Internal Code: MAS649
Interviews are narratives ‘constructed in situ’ (Gubrium & Holstein 2003, p67) and are thus viewed as being collaborative and dynamic (many contemporary theorists share this view) Choose a comfortable, quiet location.
Types of questions include: open, closed, probing, clarifying or extending, and follow-up questions. Techniques such as appropriate eye contact, silence, reiteration. Use of voice, tone, inflection, emphasis. Angle, point of view, content, audience. Interviews allow access into typically inaccessible areas of people’s subjective experiences and attitudes (Peräkylä in Denzin & Lincoln 2005, p869; Martin in Green 2002, p115) Local knowledge is as genuine a form or knowledge as ‘expert knowledge’ (Payne 2000, 26)
Best to conduct interviews in a place where the interviewee is comfortable (Anderson & Jack in Perks & Thomson 2006, p135; McLeod in Lieblich 2000, p11)
Semi-structured interviews allow interviewees to depict story in their own words (Arksey & Knight 1999, p82; Anderson & Jack in Perks & Thomson 2006, p129)
Questioning strategy of ‘not-knowing’ enables dialogue and understanding through natural curiosity (Anderson & Goolishian cited by Liamputtong & Ezzy 2005, pp61-61)
Eye contact is an important part of effective communication, particularly in developing trust and showing an engaged interest (Liamputtong & Ezzy 2005, p67)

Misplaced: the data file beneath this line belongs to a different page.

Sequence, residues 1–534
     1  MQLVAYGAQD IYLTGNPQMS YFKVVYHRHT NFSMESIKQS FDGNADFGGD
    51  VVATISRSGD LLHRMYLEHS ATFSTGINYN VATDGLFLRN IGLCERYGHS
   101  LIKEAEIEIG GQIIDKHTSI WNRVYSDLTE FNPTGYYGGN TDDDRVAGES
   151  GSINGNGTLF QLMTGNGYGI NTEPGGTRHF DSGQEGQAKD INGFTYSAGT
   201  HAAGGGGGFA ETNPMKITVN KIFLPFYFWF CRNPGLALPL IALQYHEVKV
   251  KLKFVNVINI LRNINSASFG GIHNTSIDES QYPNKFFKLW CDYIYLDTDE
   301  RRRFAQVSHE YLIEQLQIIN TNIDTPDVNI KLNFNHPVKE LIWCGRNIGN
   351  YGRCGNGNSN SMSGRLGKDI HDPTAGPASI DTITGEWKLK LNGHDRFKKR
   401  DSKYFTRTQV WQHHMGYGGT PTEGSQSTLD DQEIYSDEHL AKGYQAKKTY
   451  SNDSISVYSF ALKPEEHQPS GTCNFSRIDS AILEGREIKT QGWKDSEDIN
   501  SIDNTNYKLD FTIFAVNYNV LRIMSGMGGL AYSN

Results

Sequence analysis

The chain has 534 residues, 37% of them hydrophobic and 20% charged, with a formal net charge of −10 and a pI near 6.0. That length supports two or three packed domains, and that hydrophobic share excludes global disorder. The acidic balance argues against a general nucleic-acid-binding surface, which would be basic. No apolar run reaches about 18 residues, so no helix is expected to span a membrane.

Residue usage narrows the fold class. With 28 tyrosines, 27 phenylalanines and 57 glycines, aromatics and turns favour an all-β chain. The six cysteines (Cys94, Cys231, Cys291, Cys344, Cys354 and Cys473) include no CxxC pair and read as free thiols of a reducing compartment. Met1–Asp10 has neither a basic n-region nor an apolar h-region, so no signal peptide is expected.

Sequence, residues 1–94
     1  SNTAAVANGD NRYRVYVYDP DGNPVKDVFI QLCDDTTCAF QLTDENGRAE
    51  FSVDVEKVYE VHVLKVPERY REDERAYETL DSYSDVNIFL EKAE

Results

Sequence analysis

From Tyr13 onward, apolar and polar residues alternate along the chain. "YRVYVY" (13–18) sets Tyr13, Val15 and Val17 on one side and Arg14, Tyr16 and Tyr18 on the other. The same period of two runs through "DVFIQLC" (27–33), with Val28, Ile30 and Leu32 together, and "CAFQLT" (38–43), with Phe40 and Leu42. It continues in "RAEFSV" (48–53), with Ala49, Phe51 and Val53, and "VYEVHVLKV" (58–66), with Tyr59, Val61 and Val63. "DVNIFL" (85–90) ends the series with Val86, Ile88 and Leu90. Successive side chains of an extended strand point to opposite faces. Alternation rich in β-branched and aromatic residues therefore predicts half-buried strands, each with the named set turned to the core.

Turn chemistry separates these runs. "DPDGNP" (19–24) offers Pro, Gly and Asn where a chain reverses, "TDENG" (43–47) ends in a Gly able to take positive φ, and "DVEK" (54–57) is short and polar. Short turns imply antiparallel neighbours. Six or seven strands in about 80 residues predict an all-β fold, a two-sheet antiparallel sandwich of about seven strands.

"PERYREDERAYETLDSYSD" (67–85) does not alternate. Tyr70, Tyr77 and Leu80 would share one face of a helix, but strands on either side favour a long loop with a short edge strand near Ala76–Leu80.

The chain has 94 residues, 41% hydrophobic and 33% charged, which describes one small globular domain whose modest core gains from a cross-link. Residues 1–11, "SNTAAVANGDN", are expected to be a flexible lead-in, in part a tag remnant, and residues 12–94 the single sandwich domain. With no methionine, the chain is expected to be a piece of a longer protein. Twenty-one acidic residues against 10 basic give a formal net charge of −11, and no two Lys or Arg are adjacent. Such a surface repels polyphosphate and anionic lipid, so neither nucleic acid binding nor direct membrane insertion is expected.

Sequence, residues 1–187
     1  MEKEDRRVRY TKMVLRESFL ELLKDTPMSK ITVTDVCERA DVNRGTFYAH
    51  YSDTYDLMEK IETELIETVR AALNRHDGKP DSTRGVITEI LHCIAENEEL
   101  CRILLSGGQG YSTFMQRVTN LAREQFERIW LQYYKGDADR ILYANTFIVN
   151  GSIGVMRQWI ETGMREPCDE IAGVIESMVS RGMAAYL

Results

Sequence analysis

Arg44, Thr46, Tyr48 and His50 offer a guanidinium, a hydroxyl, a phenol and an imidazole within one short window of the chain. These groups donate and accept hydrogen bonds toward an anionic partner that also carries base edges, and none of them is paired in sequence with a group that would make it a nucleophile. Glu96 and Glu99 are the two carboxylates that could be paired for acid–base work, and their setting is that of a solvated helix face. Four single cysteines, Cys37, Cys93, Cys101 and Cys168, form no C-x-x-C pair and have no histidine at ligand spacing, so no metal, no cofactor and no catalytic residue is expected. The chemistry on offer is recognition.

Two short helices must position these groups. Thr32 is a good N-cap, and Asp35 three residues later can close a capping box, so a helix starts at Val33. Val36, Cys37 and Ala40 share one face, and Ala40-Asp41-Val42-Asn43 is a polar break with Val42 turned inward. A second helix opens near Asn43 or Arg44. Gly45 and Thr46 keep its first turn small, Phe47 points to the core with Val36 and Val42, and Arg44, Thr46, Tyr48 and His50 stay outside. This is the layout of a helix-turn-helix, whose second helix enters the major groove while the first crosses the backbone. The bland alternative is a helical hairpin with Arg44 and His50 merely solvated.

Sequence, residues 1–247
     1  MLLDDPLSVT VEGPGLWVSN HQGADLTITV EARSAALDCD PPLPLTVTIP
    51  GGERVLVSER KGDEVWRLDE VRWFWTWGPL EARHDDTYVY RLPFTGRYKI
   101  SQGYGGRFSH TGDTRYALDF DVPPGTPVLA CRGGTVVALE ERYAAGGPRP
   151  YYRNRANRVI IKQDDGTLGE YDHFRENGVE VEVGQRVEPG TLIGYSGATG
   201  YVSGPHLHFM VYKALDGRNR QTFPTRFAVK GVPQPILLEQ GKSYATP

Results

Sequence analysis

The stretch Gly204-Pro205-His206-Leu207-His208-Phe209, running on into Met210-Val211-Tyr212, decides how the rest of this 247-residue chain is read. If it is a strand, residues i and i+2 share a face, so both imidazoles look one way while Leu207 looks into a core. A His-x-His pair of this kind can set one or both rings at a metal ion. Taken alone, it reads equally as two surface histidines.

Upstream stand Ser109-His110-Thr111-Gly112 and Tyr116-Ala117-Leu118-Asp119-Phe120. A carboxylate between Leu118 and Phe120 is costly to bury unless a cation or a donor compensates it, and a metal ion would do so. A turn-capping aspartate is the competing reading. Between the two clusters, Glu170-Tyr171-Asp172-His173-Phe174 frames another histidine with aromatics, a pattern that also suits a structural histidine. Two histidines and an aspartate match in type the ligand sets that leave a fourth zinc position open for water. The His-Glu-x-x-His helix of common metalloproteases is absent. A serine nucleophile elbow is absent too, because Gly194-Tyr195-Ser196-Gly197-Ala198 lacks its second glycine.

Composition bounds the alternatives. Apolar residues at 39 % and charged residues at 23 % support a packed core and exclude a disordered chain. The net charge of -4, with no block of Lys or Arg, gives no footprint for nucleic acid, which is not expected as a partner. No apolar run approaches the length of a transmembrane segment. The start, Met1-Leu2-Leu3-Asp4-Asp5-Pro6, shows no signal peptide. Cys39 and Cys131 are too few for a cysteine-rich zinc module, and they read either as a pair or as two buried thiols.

Need to reflect on the way information in ‘interpreted, selected, shaped, presented and “consumed”.’ (Perks & Thomson 2006, p337)
‘Ethical obligations don’t end once you have your data’ (Baxter 2005, p90)
Reports need even more structure than essays. Follow the structure as set out in Reading 4.1 and you should be right. Make a list of headings with notes on what goes into the sections, and this should help you meet the required structure.
As per the assessment question (3a & 3b), you need to cover the five required communication issues: intercultural communication; presentations & persuasion, negotiations & interviews; groups, meetings and discussions (formal and informal); and trust and/or conflict resolution issues.
You must use the required number of referenced sources, and you must reference properly, both in-text and in your reference list – See Reading 4.2 Referencing Guide
For this unit ONLY, Mieke has allowed students to go 10% above or below the required word count. This gives you a little more flexibility, but you will need to practice writing succinctly in order to stay within this word limit range.
As is standard, all references used in-text (ie in the body of the essay or your work) are counted in the word count. Reference lists are NOT counted in the word count. For some reason, there is always a little confusion about the differences between a reference list and an in-text reference. I hope none of you make this mistake 🙂
For report-writing, you must count everything except your letter of transmittal, title, abstract, table of contents, reference list and appendices.
You can use first-person, although try not to write yourself in too much as your tutor will be well aware that you wrote it and that this is what you think etc. Also avoid redundant repetitions and word usage – if a sentence works well without it, leave it out. Also, write numbers less than ten in word form, and do not use abbreviations such as & or etc.
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